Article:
Paradoxically, a big company that farmed hundreds of thousands of acres of sugar cane in Florida, US Sugar, is having its plantations bought from it by the state because it is considered a gross polluter of the Everglades and a user of too much water. In essence, US Sugar and its cane farming are being put out of business because of gross inefficiencies which have led to local environmental ruin. With this in mind, it is difficult to take seriously arguments that mass-harvesting various trash plants as potential substitute energy fields offers something better other than the opportunity to collect investment until development plans inevitably crash upon the rocks of reality (see Federal Highway Administration, miles per vehicle per capita data).
Green slime will save us, honest
But it gets better, and the magic grows stronger. One of the best quotes this writer has seen comes from the thicket of stories on start-ups pushing algae as a cure-all for everything: carbon sequestration, water purification, automotive fuel and energy, you name it.
"This gasoline [from algae] doesn't create greenhouse gases..." reported the Copley News Service a couple of weeks ago. "Its byproducts include oxygen and filtered water."
It was a remarkable thing to print since the consumption of any carbon-based fuel, whether it comes from algae or kudzu, produces greenhouse gas. One could actually make similar grand claims about miscellaneous weeds in your yard, if you could squeeze enough oil or starch from them. Plants produce oxygen and bind carbon in different compounds - basic science for the delight of young children. Johnny raises his hand: "Couldn't we use potatoes to make biofuel, too?"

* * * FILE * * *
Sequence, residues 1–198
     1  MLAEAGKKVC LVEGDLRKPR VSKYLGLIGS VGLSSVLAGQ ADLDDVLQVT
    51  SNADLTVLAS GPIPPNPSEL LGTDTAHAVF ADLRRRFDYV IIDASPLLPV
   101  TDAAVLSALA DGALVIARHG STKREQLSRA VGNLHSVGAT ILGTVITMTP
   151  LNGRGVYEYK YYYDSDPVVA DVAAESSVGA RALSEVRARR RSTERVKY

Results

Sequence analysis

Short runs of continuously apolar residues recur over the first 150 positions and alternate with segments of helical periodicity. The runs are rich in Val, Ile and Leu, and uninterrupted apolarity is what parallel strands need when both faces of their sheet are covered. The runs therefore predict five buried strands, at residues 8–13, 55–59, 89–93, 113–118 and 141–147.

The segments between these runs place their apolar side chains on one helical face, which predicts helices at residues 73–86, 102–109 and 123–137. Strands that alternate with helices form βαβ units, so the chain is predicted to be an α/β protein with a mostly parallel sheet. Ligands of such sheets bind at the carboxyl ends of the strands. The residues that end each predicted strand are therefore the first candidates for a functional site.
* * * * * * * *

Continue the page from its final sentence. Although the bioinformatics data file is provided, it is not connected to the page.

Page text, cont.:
At this point, this journalist should admit to growing algae in a water bucket on the porch for the last ten years and also running a public swimming pool as a college student. For the latter, the job was to filter the water and minimize, if not eliminate, the growth of microalgae. The filtering properties and general benefits of man-made cultivation of it, whether accidental or purposeful, are exaggerated for the sake of the current renewable energy script. If one can imagine each algal cell in the porch water bucket producing a microdroplet of oil, the one gallon pail is still a long way from being full, no matter how green and filamentous.